MATZ:  To have surgery. (AP)

   MATZ: To have surgery. (AP)

ESPN’s Adam Rubin reported today – later confirmed by several media outlets – Steven Matz will be shut down for the remainder of the season to undergo surgery almost immediately on a bone spur in his left elbow. Matz is also down with an impingement in his shoulder, but surgery is not planned for that injury.

What took Matz so long to elect to have surgery? The 25-year-old Matz has had the spur for much of the season, with GM Sandy Alderson and manager Terry Collins insisting it was a “pain tolerance issue” and he couldn’t risk further injury.

However, it hasn’t been addressed whether the shoulder impingement irritating the rotator cuff was caused by an altering of Matz’s mechanics caused by the pain in his elbow. It’s worth exploring, especially considering the Mets’ history of handling injuries.

Matz hasn’t pitched since mid-August. Surgery should have been performed then, and possibly on his shoulder, also, to give him the maximum time for recovery and rehab. The current timetable is a three-month recovery period, which means he won’t pick up a ball until January.

Will he really have enough time? Had this been done a month or two ago, there wouldn’t be any doubt.

I would have thought with Matt Harvey out for the year (to remove a rib and alleviate thoracic outlet syndrome) and Zack Wheeler (ulnar nerve in elbow) that to hedge their bets they would have encouraged Matz to have the surgery weeks ago – at least when the shoulder issue surfaced. Instead, the last six weeks have been squandered.

Making this even more disturbing is Jacob deGrom had surgery last week to repair the ulnar nerve in his elbow. Also, Noah Syndergaard has been bothered by an elbow bone spur issue for several months. The Mets are saying surgery isn’t planned for him, but wouldn’t they want to get it addressed sooner than later?

With the others easing their way back next spring, the last thing the Mets would want is surgery for Syndergaard.

Fortunately for the Mets, they remain in the race because of Bartolo Colon, who has been pitching with a foot injury (he left Monday’s game after 2.1 innings), and the Band-Aid of Seth Lugo and Robert Gsellman.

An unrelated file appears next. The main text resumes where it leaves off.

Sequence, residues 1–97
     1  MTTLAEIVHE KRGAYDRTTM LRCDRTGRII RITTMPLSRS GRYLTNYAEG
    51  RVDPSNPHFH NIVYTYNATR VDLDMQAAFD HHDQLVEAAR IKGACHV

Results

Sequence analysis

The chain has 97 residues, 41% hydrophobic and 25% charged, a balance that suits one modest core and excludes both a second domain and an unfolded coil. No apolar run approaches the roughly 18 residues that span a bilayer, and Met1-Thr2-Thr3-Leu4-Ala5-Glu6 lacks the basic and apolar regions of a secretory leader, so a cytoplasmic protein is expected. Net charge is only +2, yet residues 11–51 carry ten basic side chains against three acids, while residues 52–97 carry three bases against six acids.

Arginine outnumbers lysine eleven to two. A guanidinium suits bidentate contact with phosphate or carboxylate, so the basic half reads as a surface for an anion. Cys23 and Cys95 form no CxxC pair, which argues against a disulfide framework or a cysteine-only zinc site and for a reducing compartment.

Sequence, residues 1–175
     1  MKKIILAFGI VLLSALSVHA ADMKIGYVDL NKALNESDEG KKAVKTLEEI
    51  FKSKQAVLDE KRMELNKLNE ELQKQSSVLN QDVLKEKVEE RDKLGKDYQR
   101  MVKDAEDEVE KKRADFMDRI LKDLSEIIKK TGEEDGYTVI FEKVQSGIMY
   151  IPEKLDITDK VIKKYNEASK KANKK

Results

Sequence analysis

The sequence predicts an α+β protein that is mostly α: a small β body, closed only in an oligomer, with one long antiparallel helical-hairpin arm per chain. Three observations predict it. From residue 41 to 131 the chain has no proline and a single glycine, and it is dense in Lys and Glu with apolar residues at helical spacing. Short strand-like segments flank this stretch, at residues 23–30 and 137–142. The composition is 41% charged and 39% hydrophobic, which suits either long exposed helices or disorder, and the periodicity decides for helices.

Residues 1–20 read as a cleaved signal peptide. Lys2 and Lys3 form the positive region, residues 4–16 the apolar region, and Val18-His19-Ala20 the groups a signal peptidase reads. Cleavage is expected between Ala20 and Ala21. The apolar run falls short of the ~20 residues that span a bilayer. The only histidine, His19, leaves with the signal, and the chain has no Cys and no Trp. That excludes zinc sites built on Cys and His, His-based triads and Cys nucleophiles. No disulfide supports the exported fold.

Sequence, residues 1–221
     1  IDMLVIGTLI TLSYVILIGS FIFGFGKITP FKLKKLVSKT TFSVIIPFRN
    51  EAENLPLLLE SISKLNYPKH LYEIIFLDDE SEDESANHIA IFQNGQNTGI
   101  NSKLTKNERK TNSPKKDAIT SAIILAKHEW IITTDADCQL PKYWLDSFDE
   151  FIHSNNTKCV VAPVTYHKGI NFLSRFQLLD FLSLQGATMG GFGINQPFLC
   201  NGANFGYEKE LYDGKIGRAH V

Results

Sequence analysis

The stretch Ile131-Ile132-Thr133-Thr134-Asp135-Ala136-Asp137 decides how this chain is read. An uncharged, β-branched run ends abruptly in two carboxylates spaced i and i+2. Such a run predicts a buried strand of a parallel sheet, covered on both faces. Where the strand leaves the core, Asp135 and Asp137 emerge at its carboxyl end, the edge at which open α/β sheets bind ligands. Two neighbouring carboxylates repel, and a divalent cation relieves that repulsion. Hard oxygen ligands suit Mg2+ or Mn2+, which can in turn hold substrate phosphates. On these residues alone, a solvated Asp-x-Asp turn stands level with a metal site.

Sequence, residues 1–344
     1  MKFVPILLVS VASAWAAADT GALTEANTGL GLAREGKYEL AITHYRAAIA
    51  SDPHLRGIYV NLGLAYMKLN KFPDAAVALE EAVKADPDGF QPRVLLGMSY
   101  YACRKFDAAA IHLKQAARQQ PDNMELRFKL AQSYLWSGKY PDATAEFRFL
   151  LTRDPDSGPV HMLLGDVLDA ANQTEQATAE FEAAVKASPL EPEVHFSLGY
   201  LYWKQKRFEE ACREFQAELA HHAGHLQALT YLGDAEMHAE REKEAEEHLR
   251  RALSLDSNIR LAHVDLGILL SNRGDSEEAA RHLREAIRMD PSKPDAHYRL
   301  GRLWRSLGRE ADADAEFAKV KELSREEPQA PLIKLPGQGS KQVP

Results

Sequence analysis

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Sep 20

Mets Should Go With Ynoa Friday Over Matz

Here it is, Tuesday and Mets manager Terry Collins says he’s undetermined about whether Steven Matz will start Friday against the Phillies.

In his bullpen session over the weekend, reports had his secondary pitches not being sharp. He’s scheduled to throw another 35-pitch bullpen session Wednesday, and if all goes well, the Mets want to throw him out there for Friday – when he won’t throw more than 50 pitches.

MATZ:  Taking reckless gamble with him. (AP)

MATZ: Taking reckless gamble with him. (AP)

In the promo for SNY, Collins asks the media: “Do you think this game is easy to play?” Actually, no, it isn’t easy. I don’t know how to build a watch, but I know how to tell time, and this a gamble the Mets shouldn’t take.

Clearly, based on his last start, Gabriel Ynoa should get the ball.

In his start over the weekend against Minnesota, Ynoa gave up one run on four hits with eight strikeouts in 4.2 innings (76 pitches). In their wildest dreams, the Mets would kill to get that from Matz.

Still, the Mets don’t know what to do.

“It has not been decided,” Collins said today. “The report I got, was when he threw his secondary pitches they need to be refined.”

If he still needs work, he’s not going to get much before Friday. Fifty pitches is enough to fall into a huge hole, and with how the Mets have been hitting recently, it could be too deep, and at this point they can’t afford to give away games.

If Matz gets torched – and even if he doesn’t – they will immediately go to Ynoa, which means they will burn two pitchers.

Since they are coming off a good start from Ynoa, the prudent decision would be to go with him again. If he duplicates the 76 pitches he threw against the Twins, that could be two more innings than what they might get from Matz.

“We’ve got to win games,” Collins said. No kidding. Since that’s the case, this seems like they are making a reckless decision.

This is exactly what occurred with Jacob deGrom, who’ll undergo elbow surgery Friday.

If the Mets are hell bent on using Matz again this year, I’d give him another bullpen after tomorrow and try next week, but in relief, hopefully in a limited pressure situation. With games precious, I wouldn’t want to burn one by gambling with Matz.

Collins is looking undecided in this case, just as he was during the deGrom saga, but it must be understood this isn’t all his doing. He looks bad because he’s out front answering the questions every day, but GM Sandy Alderson is pulling the strings.